Religious Values Matter

EM Seattle Climate March 1Religious leaders support the Alliance for Jobs and Clean Energy and the 2018 initiative to put a price on pollution in Washington because it upholds the Golden Rule. Together we will hold destructive industries accountable and build an economy that works for all. We strongly support the proposed initiative since it will solve a serious pollution problem, protect our families’ health, invest in a high-quality of life, and help us plan for a prosperous future. A price on carbon pollution and investment in Washington’s future honors our religious commitment to care for God’s creation and our human need to leave a better world for future generations.

 

 

News and Events

Mon
22
Jan2018

Climate Change: Our Call to Conversion, Session Three: Ecological Conversion

Monday, January 22, 3 pm

Unitarian Universalist Congregation of Whidbey Island, 20103 WA-525, Freeland, WA 98249

This is the third of four sessions about climate change hosted by the Greening Congregations Collaborative.

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Mon
29
Jan2018

Climate Change: Our Call to Conversion, Session Four: Eco-imagining our Emerging Future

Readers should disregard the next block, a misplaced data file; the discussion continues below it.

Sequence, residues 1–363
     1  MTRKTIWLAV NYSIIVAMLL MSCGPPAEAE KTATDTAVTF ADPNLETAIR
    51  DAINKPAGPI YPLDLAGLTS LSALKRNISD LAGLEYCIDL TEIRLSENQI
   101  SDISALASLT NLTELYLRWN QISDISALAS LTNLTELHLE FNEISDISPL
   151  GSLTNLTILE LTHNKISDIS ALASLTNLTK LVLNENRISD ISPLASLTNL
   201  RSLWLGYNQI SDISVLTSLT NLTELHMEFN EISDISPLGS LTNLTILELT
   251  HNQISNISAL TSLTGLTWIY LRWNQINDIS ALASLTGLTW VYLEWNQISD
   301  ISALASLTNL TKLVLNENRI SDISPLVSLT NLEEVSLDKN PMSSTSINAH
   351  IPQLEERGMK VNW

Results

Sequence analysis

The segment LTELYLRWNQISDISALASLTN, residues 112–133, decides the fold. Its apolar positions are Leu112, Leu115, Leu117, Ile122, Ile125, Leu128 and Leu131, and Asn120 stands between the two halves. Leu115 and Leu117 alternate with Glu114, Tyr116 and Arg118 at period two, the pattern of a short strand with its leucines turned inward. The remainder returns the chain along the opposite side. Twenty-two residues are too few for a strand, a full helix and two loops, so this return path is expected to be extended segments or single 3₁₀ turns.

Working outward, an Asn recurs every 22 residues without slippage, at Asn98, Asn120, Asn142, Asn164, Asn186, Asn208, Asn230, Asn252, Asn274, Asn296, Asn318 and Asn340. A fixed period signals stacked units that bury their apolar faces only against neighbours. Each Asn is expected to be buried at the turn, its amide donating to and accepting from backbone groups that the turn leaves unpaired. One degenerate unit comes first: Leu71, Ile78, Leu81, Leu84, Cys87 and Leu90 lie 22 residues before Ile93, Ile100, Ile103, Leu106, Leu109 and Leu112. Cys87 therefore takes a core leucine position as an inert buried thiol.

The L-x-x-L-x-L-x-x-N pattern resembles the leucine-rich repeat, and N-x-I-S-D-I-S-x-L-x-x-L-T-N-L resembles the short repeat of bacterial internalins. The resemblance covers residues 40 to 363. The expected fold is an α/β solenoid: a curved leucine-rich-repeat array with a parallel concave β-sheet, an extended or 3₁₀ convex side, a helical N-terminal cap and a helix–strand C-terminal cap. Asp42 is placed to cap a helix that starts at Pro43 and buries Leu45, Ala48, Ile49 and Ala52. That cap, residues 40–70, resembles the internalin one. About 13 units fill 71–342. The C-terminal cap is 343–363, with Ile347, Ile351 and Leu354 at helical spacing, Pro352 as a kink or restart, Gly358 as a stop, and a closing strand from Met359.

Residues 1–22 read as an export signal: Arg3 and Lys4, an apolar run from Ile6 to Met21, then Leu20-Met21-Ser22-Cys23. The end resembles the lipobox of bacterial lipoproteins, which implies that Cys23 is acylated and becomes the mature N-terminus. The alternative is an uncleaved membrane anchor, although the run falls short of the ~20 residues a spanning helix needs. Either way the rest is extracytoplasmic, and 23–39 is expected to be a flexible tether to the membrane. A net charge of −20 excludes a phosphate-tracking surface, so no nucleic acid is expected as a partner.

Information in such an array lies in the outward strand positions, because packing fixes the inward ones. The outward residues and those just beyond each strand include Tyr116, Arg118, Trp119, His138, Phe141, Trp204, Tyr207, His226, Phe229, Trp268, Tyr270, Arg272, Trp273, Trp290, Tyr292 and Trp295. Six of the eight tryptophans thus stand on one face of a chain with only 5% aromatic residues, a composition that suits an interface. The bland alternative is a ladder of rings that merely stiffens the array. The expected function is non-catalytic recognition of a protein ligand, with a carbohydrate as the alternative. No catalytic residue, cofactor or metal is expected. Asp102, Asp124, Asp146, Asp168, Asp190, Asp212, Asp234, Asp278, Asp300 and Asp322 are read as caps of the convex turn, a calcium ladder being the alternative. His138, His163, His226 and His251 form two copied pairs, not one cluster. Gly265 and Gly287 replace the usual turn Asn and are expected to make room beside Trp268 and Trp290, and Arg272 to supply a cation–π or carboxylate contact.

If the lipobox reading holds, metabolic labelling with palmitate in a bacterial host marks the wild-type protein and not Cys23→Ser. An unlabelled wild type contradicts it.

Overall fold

Monday, January 29, 3 pm

Unity of Whidbey, 5671 Crawford Rd, Langley, WA 98260

This is the fourth and final session about climate change hosted by the Greening Congregations Collaborative.

Read More »


Help defeat coal export in Longview for good

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Why We Must Act on Climate

Earth Ministry member Sara Cate wrote this Op-Ed for the Yakima Herald calling for immediate action on climate change. In the article, Sara, a doctor in Yakima, discusses her own experiences treating patients who are suffering due to the smoke in the air from wildfires…
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Faith grows greener in the era of Donald Trump

Earth Ministry’s Jessie Dye is quoted in this article from “The Economist” discussing the impact of the current administration’s actions, motivating people of faith to increase their involvement, engagement, and activism with regard to the environment. At Earth Ministry/Washington Interfaith Power and Light, we are proud…
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Peoples' Climate Festival

This past weekend, Earth Ministry’s own Jessie Dye spoke at the Peoples’ Climate Festival in Richland, WA where she opened the gathering by addressing climate change through a faith perspective. Jessie pointed out that the faith voice is often missing from the discussion on climate change and…
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Further Resources

Caring for All Creation: In the Home

The Cry of Creation: A Call for Climate Justice

Washington Interfaith Power & Light

Sightline Report: The Northwest's Pipeline on Rails